Warner Bros has plenty of stake as well, despite or even because of Nolan’s critical and commercial track record. Tenet’s budget is pegged somewhere between US$200 million and US$250 million, and the studio would have hoped to see a decent multiple of that in return. Somewhere between those two decisions lies the future of a decades-old distribution model.
What it comes down to – here at last is the part of the exercise where it starts getting relevant to sport – is what people are actually getting out of a trip to the cinema. Fundamentally, we can pare that down to three factors.
There’s the access to the content you want – the film, obviously. Then there’s the spectacle, and the idea that some things are worth paying more to see on a big screen surrounded by big speakers in the dark. Finally, the ritual: the experience of going, who you go with and when and why; popcorn and coming attractions and all of the rest of it.
Social and technological change have affected the balance between those three over the decades. Basically, though, the best box office performers of the moment hit somewhere in a sweet spot: you have to see it early, while others are talking about it; you want to see it in the best setting, and you relish the opportunity.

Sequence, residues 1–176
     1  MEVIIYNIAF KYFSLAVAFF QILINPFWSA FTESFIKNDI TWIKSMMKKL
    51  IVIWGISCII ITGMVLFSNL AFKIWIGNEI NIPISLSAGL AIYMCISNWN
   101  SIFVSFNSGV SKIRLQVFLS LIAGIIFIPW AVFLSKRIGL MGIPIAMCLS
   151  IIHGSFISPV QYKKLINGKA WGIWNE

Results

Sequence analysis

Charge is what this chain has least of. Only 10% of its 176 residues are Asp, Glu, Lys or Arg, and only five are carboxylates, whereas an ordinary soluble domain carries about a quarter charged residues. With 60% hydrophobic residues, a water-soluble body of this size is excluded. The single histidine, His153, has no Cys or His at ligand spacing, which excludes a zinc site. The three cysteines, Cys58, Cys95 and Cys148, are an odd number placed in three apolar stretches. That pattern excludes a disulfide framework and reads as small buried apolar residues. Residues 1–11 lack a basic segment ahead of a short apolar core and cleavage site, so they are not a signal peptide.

The value of each will not be the same for all parts of the audience, who in turn have a different financial weight to those selling the film. Disney will be banking on US$30 and an SVOD commitment representing a better deal for activity-starved families than a full set of tickets; Warner Bros will believe its older targets are dead keen for a night out.
Either way, it seems pretty likely that the pandemic interruption will accelerate a more mixed approach to distribution, depending on audience taste. The movies would hardly be the first form of mass entertainment upended in this way. 20 years ago, CDs were the best overall option for people who wanted to own their own music. Today, digital downloads and subscriptions offer similar quality at a lower price, and the ritual of buying and playing vinyl records was always more appealing to hardcore fans.